The Nigeria Governors’ Forum, NGF, Tuesday said governors of the 36 states have collectively spent more than N2 trillion in augmenting police operations nationwide in the last decade.
Abdulrazaque Barkindo, Head, Media and Public Affairs made this known in Abuja.
The amount, according to Barkindo, was not minding the contributions of Borno, Yobe, Adamawa and Gombe states, hitherto referred to as the frontline states and critical flashpoints at the peak of the war against insurgency in the country.
He said that the revelation was part of a research conducted by the media department of the NGF monthly magazine “The Executive Summary” July edition.
He said that the purchases by the governors have covered such items as Hilux trucks, Armoured Personnel carriers, Helicopters, River Gun Boats, Horses, Communication equipment, uniforms and handcuffs among others.
“For example, the magazine which has as its cover story State Police: The Time is Now, related that in 2015 alone Lagos State, under Governor Akinwunmi Ambode spent over N4.765bn on helping to sustain the Federal Police.
“It also reported that in subsequent years going forward, the state also bought and donated to the police, 100 four-door Saloon cars, 55 Ford Ranger Pick-up trucks and 10 Toyota Landcruiser Pick-up trucks.
“These also include 15 BMW power-bikes, 100 Isuzu trucks, three helicopters, two gunboats, 15 Armoured Personnel Carriers, revolving lights, sirens, communication gadgets, helmets, handcuffs among many other police requirements.”
Barkindo added that looking at the donations in retrospect, Ambode’s predecessor, Babatunde Raji Fashola also donated 50 patrol vehicles, 10 Armoured Personnel carriers, 100 walkie-talkies and 200 bullet-proof jackets.
He added that the state government also established an ICT Resource Centre for the police in Lagos State.
“It is not Lagos alone that has donated generously to the police. Kano, Kaduna, Kwara, Cross Rivers, Ebonyi and Abia States have all, at various times, donated generously to the police force towards ensuring the safety and security of their peoples and their property.”
Barkindo said that the magazine also accompanied its story with an expenditure table of some of the purchases and donations made to the police by more than 20 of the states.
He recalled that in July 2017 the Inspector-General of Police Ibrahim Idris approached the NGF at their meeting in Aso Rock Villa seeking cap-in-hand, the sum of N3trilion as assistance from states.
He said that the magazine also quoted the lamentations of some of the state governors, who in spite of these donations had been unable to enjoy even the partial loyalty of the federal police at their most critical hour of need.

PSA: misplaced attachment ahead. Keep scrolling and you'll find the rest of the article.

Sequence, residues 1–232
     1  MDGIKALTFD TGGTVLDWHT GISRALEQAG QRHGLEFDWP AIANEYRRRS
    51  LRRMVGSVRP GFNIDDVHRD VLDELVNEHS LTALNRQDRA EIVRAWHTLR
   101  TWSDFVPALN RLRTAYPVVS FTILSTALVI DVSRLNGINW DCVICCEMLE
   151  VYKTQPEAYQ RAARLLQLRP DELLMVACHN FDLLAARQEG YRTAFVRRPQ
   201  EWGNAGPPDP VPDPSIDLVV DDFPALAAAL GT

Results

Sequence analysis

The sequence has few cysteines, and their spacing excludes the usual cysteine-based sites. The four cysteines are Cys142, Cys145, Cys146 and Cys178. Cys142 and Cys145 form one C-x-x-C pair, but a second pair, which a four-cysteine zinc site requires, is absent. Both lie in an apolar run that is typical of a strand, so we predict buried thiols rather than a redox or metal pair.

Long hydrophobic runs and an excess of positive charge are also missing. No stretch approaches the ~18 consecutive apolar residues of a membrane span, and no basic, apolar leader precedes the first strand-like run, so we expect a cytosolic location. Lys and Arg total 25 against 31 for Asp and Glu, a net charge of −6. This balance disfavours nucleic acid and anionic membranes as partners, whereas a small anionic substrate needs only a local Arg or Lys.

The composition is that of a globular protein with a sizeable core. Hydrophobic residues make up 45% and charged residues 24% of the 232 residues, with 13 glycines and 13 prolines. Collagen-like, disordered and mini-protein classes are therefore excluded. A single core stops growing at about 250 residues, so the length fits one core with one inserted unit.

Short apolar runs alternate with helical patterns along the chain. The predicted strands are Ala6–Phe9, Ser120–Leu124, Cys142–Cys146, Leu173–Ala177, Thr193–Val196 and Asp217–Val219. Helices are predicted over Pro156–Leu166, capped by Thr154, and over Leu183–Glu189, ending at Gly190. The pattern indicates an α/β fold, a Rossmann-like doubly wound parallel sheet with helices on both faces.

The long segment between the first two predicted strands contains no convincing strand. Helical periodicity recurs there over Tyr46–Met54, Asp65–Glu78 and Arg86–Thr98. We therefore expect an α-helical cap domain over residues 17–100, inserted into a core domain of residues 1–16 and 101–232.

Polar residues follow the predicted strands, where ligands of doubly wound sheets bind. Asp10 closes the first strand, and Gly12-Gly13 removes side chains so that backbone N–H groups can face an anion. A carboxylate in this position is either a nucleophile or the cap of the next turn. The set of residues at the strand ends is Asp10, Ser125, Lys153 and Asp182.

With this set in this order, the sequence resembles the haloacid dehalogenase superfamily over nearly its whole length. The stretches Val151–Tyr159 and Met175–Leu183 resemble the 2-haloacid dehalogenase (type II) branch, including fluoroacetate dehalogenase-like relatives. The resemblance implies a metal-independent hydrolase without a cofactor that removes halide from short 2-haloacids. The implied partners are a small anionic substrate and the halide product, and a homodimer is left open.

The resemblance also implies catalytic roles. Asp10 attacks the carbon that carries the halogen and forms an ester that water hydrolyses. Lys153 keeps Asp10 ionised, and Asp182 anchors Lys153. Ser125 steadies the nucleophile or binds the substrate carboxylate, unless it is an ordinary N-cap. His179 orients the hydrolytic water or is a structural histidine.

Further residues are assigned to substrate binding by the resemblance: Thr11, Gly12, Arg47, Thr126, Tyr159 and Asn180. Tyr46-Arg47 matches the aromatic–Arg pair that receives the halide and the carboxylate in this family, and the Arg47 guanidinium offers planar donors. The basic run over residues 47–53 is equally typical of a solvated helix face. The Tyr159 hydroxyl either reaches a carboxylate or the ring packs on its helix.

He said that Governor Darius Ishaku of Taraba State, for example, was quoted in the magazine as saying “I am sitting here as governor, but I cannot control one police troop whenever crises break in my state.”
“His Zamfara State counterpart and Chairman of the Nigeria Governors’ Forum, Abdulaziz Yari Abubakar had, at one time, even relinquished his position as the Chief Security Officer of his state, in frustration.
“The report added that even Benue State, which very recently had its state assembly sealed and overtaken by the Nigeria Police Force, had spent a substantial part of its security vote in ameliorating the problems of the same police force that was to later humiliate the state.”
Barkindo added that the governors through the instrumentality of the NGF view this situation as absolutely unacceptable.
He said it was for these and several other reasons that the governors had been agitating for the creation of state police so that the safety of lives and property in the country would be firmly rested in the hands of those who spend their resources in sustaining the police force.
“Indeed, to give spice to the argument for the agitation of the states, the National Assembly only recently lent its voice to the agitation by state governors and also endorsed the formation of state police, saying it is about time.
“Most others who canvas the same position as the governors allude to the countries whose system Nigeria is emulating, saying community policing is a necessity if crime is to be prevented and insurgency is to be curtailed to the barest minimum.”
He also quoted Gov. Mohammed Abdullahi of Bauchi state responding to those who argue that governors would abuse the privilege of state police as saying , those who hold such view were fearful because they have restricted their thinking to building individuals rather than building institutions.
The NGF head of public affairs recalled that most states of the federation have already resorted to supporting vigilante groups.
According to him, some have even gone further to establish various types of self-help security formations like the Bakasi Boys in Abia, KAI in Lagos, Civilian JTF in the northeast, Karota in Kano and several others that fill the vacuum created by the absence of the federal police in their states.